Chances are you’ve got canned tuna in oil lurking around the pantry, and if so, this tonnato (A.K.A. creamy tuna sauce) dip will knock your socks off. “This briny dip is almost all canned things and common refrigerator staples—and is killer with potato chips or even pork rinds,” says Joel Schroeter, chef and owner of Old North Meats and Provisions. Toss two cans of tuna packed in oil, a couple spoons of mayo, zest and juice of a lemon, one garlic clove, black pepper, chili flakes and fresh herbs of choice and into a food processor, and pulse until creamy. For a more fishy dip Schroeter recommends adding in 2-3 anchovy filets “Add olive oil if too thick or a couple ounces of cream cheese if you like it thicker,” he adds. Garnish with herbs, chili flake or olives and you’re all set.
Charred Onion Dip
Dipping vehicle: Kettle chips
A Super Bowl party’s not a party without onion dip. While the original, canned version will always suffice, I’m forever daydreaming about chef Gerard Craft’s charred onion dip at Cinder House. Do as you would with a regular onion dip (think sour cream, creme fraiche, garlic powder, onion powder, scallions, salt and chive oil) but go the extra step to char onions on a grill until they turn to ash. Blend together all ingredients in a food processor and it’s game time. “This is an elevated version of a classic staple—with better ingredients,” says Craft.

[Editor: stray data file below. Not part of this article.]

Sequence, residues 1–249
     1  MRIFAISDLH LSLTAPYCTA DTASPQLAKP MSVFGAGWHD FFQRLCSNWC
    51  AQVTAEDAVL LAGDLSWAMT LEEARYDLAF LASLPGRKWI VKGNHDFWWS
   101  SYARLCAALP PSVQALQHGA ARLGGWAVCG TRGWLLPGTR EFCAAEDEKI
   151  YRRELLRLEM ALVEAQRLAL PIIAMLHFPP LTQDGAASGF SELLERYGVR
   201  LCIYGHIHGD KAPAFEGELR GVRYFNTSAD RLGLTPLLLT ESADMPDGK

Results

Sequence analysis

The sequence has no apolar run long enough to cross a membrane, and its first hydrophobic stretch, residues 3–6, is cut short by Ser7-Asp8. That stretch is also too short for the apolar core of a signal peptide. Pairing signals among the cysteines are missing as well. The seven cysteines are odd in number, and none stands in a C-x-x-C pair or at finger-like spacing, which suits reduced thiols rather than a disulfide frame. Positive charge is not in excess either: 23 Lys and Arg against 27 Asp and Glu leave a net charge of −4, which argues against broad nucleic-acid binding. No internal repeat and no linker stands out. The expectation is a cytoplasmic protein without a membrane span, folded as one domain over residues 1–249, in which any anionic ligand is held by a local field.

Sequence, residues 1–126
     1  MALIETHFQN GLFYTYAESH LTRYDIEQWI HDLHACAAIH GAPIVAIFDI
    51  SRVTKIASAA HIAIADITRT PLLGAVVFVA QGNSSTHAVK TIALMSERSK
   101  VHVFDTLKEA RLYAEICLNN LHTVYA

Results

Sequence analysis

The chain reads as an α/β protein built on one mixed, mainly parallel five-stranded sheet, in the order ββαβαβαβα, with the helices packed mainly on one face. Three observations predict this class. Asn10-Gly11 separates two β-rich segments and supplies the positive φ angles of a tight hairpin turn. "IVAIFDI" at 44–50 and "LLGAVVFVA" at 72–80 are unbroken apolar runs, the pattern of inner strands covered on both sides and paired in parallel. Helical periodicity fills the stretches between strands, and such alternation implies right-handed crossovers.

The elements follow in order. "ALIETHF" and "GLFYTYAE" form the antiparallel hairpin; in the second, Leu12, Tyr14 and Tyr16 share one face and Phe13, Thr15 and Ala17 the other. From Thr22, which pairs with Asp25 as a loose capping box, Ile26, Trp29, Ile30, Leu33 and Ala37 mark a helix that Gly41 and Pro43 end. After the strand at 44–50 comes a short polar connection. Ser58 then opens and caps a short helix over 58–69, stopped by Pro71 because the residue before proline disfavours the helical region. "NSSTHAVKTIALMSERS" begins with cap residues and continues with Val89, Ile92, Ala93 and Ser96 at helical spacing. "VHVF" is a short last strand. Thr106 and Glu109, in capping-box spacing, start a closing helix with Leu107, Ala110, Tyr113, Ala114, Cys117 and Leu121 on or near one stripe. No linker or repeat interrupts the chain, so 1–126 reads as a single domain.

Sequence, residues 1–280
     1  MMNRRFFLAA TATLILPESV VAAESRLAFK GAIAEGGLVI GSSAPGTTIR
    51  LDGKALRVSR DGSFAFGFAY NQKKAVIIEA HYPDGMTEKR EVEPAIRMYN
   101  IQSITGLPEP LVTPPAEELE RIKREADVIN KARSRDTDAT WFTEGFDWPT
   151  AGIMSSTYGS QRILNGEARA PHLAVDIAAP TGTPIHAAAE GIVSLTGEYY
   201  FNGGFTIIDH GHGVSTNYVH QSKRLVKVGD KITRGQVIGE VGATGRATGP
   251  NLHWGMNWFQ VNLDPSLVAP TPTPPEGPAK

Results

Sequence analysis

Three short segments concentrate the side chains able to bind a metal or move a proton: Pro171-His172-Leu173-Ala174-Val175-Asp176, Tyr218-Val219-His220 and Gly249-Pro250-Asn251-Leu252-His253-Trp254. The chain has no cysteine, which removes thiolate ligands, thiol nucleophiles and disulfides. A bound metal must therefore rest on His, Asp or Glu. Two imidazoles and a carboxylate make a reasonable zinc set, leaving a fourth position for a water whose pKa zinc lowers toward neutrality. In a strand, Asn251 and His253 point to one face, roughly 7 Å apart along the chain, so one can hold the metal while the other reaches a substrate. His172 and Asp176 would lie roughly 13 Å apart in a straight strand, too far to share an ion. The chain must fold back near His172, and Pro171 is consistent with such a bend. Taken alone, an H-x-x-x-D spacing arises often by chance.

Dipping vehicle: pita chips
I flock to Sassool Mediterranean Cafe at Morgan Street Food Hall for jalapeno-cilantro hummus on the regular. And if you don’t live in Raleigh, it really is that easy to make at home—and always a solid dip to set out on the table. All you need is a can of chickpeas, tahini, olive oil, lemon juice, garlic, cilantro, jalapeno and spices, plus a food processor (get the full recipe here). This hummus is all the things in one: vibrant, texturally pleasing, slightly spicy and healthy.